Now, the Federal Working Group was formed because we know there are things we can do now—things that need not wait for more study—that can have a direct and immediate impact in kids' lives right now.
So officials from the Departments of Justice, the Interior, and Health and Human Services with proven dedication and experience in Indian country have come together as part of this Federal Working Group to do just that.
And already, they are making a difference. Here's one example. About a year ago, I traveled to the Ute Mountain Ute and Northern Cheyenne reservations. And among the places I visited were the detention centers, where both adults and juveniles are held.
Now it's always tragic whenever a young person is locked up; but that tragedy is compounded when that child is warehoused without any assistance that can help prevent that child from future incarceration. And in these two facilities, kids weren't getting access to adequate educational programming or counseling.
So the Federal Working Group came together and tackled this issue, cutting through the red tape and working together such that contracts are now being secured for teachers who will provide culturally-sensitive educational and counseling services to native youths held in those BIA detention facilities at both Ute Mountain Ute and Northern Cheyenne.
Now, in addition to addressing those immediate issues, we must also develop a strategic approach to the long-term issues of violence that affect children in Indian country. So we've augmented the work of the Federal Working Group with an Advisory Committee of experts who have dedicated themselves to improving the lives of children in native communities.
Over the next year, the Advisory Committee will travel the country, holding hearings and listening sessions. They will comb through the research and consult with others to help us paint a clearer picture of the incidence of violence among native children, and help identify ways to prevent it.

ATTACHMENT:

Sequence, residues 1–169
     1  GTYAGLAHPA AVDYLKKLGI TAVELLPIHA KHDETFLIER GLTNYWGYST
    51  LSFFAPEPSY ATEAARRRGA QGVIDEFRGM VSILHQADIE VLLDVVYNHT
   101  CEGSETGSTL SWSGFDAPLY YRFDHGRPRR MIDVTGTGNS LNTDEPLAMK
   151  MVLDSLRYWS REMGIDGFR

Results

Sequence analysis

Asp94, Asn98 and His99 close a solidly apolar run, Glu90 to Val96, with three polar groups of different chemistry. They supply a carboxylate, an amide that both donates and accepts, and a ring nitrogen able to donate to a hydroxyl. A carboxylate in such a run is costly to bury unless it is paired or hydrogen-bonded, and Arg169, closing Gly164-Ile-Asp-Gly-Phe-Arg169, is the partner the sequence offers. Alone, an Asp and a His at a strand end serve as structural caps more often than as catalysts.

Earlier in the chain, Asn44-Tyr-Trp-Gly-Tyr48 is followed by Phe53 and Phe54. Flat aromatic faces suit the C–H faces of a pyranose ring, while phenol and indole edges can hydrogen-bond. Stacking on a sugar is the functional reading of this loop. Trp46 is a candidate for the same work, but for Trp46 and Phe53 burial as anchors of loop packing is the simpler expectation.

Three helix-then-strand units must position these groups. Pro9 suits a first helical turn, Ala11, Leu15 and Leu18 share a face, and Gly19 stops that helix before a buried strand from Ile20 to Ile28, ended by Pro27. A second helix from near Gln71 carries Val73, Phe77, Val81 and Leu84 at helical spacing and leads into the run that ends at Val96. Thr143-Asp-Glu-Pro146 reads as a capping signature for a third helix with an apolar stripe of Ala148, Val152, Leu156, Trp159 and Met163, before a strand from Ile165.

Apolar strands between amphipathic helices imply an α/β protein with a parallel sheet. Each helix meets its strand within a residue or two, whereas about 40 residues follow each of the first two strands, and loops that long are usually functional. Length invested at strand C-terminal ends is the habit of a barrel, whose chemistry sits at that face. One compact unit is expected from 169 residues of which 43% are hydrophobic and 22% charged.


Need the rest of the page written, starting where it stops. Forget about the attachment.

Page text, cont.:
And next fall, the Advisory Committee’s work will culminate in a final report—a strategic plan of action that will guide practitioners and policymakers at all levels. And, like the work of the Defending Childhood Task Force, the recommendations of the Advisory Committee will not sit on some shelf collecting dust; as the Attorney General said in his greeting this morning, your work will serve as a blueprint that will guide us into the future.
So this is our charge and our challenge. Today represents an early and important step in protecting American Indian and Alaska Native children. No one here expects this work to be easy, or that the efforts we embark on here will lead to a panacea. But it is an investment—an investment in our children; in the future of sovereign tribal nations on this continent; an investment we fail to make at our own peril, and one whose return will be measured not in dollars and cents, but in the young smiles you create; the doors of hope you will open; the futures you will shape; and the lives you will change.
Thank you for commitment to this work.”